c) Children C’s father is disabled, however, he recently lost his benefits because you said he’s no longer disabled, children C’s mother was beside herself with stress as she explained to the head how her husband had had all his money taken off him and was denied benefits for appealing against the decision, the situation became that dire for this particular family that I had to get social services involved to help them.
d) There’s dozens of cases I can relate to you, however, today was the last straw when a single parent told me her daughter had been absent because the sole fell off her only pair of shoes and she had no money because of sanctions to buy another pair.
Q2 Why have we i.e. teachers’ got to be social workers because you are denying benefits? Do you realise the devastation you are causing to the most vulnerable because of sanctions, etc? Because it’s a proven fact:
• Parents’ can’t feed their children or put clothing on their backs • Take them to school due to lack of money
• We can’t find school places for families constantly on the move – we have refused a lot of families a school place that moved because of the bedroom tax.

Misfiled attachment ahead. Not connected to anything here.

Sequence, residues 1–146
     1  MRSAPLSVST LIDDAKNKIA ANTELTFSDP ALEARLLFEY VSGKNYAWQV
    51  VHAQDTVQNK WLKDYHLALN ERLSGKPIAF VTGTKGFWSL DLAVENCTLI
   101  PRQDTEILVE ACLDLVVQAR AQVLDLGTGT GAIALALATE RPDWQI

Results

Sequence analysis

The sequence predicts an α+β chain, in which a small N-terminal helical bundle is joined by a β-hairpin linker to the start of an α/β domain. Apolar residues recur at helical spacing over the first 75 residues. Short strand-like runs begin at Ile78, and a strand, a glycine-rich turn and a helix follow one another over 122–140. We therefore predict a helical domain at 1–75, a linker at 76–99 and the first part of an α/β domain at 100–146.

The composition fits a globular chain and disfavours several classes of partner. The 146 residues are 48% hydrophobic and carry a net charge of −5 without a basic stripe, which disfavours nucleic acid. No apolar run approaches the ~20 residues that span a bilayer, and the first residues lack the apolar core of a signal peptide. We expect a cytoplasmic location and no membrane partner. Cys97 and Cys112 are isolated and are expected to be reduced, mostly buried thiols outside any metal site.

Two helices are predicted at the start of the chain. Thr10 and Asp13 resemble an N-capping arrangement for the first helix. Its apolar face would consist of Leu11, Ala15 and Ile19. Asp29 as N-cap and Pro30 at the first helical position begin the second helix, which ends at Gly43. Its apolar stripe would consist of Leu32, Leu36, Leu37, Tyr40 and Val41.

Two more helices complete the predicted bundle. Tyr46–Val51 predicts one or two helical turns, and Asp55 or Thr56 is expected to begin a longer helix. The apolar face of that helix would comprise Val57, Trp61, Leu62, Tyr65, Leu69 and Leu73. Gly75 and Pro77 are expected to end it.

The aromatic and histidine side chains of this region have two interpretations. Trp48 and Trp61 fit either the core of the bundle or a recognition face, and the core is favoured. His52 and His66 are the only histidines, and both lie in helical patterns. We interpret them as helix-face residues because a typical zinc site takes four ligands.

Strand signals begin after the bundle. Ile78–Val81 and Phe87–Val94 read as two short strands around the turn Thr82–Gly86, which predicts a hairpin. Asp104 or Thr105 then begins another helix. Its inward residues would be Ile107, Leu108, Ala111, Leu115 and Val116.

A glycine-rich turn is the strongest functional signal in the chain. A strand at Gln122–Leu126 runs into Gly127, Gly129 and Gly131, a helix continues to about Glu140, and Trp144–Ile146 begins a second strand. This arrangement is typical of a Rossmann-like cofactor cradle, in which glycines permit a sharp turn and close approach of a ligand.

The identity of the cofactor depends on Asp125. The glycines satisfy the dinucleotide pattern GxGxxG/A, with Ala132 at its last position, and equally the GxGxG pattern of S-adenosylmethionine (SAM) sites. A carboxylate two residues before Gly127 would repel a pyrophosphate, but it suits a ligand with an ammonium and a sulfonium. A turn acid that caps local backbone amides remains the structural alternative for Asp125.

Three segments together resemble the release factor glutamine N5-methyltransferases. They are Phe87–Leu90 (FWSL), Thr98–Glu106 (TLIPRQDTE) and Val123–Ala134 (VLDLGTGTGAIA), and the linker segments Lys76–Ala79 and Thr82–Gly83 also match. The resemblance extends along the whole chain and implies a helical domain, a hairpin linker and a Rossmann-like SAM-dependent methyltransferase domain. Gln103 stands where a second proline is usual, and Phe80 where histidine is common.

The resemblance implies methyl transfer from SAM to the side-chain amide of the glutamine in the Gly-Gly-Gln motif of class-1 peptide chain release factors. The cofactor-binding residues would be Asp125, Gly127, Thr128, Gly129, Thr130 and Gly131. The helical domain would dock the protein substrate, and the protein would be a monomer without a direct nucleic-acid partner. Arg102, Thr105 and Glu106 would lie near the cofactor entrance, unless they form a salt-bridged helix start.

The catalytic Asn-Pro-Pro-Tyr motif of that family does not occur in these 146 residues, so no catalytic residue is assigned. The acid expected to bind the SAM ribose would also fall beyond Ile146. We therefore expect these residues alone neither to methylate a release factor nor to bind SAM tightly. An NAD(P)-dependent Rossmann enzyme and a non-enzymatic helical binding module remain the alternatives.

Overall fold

• Our social workers’ are frazzled and overworked because we have to keep asking for their help for our pupils whose families are on sanction.
Q3 Are the DWP going to pay schools for the disruption you are causing parents’ and the whole teaching profession?
Q4 I realise your motto is make work pay and the taxpayer shouldn’t have to fit the bill for those that don’t want to work, notwithstanding this, I and my colleagues are taxpayers and you are making our lives very stressful and our jobs much harder with your draconian measures and teaching isn’t the only profession to be hit by problems caused by sanctions/denying benefit (a neighbour of mine is a paramedic who recently had to attend to a diabetic-disabled person that hadn’t eaten for 3 days because he’s disability had been stopped and he’d no money and this isn’t an isolated case)